Egyptian mythology has fascinated the world for centuries; one of the oldest civilizations in the world, Egyptian mythology reflects the way the ancient people of this society viewed their world. They both feared and worshipped their gods in order to guarantee the annual flooding of the Nile which allowed them to stay alive in this harsh climate. The gods of ancient Egypt reflected the society of the Egyptians and we can see this in the significance and history of their deities.
The ancient Egyptian god Geb was one of the most important deities in the Egyptian pantheon. The god of the earth, Geb was both the brother and consort of Nut, as well as the oldest son of Shu and Tefnut, the deities of air and moisture.
One of his famous myths recounts the legend of how the earth and sky were formed. Geb and Nut were locked in a passionate embrace and Shu, or in other versions, the sun god Ra, separated them so violently that Geb formed the earth and Nut the sky. The distance between them gave enough space for Nut to give birth to their children. According to legends, Geb continued to grieve for Nut and his grief caused earthquakes (Cotterell & Storm, p.281).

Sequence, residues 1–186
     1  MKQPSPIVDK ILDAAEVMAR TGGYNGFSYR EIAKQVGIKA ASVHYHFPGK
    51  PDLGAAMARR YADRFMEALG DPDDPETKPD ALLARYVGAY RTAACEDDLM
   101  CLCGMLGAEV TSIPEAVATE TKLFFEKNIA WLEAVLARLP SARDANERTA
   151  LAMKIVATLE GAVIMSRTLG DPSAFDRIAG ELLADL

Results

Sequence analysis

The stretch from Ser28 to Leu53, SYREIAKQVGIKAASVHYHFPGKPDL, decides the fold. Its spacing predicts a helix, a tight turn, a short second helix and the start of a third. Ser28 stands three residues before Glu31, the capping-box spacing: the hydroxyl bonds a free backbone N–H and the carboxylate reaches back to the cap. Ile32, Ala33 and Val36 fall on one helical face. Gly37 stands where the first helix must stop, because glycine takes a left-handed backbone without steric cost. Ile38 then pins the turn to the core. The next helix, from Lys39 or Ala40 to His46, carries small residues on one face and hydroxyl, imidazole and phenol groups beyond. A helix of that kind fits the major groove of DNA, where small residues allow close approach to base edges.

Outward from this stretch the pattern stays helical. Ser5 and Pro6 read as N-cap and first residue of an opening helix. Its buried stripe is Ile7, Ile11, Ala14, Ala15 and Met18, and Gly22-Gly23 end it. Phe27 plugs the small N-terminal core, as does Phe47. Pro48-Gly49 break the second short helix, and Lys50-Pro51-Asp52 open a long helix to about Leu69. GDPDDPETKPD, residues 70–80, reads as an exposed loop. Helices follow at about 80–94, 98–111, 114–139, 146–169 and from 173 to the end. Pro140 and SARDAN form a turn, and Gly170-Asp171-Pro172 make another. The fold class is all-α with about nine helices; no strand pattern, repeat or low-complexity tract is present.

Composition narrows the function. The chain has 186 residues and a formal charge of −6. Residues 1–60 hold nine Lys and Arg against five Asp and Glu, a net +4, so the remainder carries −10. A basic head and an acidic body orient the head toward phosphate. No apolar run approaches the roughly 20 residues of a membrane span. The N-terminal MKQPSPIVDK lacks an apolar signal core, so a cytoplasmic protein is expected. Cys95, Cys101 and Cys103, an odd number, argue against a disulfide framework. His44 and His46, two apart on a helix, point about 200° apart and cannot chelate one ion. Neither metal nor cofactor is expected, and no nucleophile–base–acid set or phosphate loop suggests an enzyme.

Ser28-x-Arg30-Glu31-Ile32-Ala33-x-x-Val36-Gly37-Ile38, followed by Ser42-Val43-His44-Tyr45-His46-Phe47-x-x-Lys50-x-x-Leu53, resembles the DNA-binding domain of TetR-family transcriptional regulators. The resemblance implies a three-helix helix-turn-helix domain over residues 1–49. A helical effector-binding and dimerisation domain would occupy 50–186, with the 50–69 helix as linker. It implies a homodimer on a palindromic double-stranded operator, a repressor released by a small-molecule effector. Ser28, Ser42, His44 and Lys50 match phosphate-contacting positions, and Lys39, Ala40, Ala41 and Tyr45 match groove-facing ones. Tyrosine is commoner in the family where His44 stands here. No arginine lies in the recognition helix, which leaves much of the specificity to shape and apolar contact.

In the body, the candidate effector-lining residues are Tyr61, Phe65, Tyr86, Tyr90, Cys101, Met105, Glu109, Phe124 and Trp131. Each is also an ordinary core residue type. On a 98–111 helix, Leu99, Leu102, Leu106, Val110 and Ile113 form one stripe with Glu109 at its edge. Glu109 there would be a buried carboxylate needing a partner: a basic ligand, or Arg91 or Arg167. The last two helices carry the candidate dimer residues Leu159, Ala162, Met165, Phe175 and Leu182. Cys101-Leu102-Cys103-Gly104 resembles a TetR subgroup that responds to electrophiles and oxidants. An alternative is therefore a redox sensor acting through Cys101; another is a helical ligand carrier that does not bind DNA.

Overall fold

Geb also played a leading role among the gods. In the Pyramid Texts (a collection of Egyptian texts concerning funerary rites), he is described as the spokesman of the gods against Set (Brandon, p.117).
The Egyptians viewed astronomy as an important part of life and in this, Geb also plays a vital role. The 160 day visible rising phase of the decan stars was called Geb, or evening/night (rising) and the 200 day withdrawing phase was called Nut, or day (rising). This Nut rising period was when the stars withdrew, and could reflect the explanation that the goddess swallowed her star children, although this theory has been amended (Conman, p.64). Geb becomes a prince of the decan stars because he “commands them to rise. He causes the stars to return to life after they have been swallowed. He is responsible for the heliacal risings of the decans. Considered an earth god, Geb has a distinctly non-chthonic side that includes an existence in the sky” (Conman, p.64).
Geb plays an important role in the history of both ancient Egyptian mythology and history. Through the study of this deity, we can gain new insight into the fascinating history of this ancient culture.
Brandon, S. G. F. (1958) A Problem of the Osirian Judgement of the Dead, Numen, BRILL.
Conman, Joanne (2003) It’s About Time: Ancient Egyptian Cosmology, Studien zur Altägyptischen Kultur, Helmut Buske Verlag GmbH.
Cotterell, Arthur & Storm, Rachel (1999) The Ultimate Encyclopedia of Mythology, Hermes House, Anness Publishing House.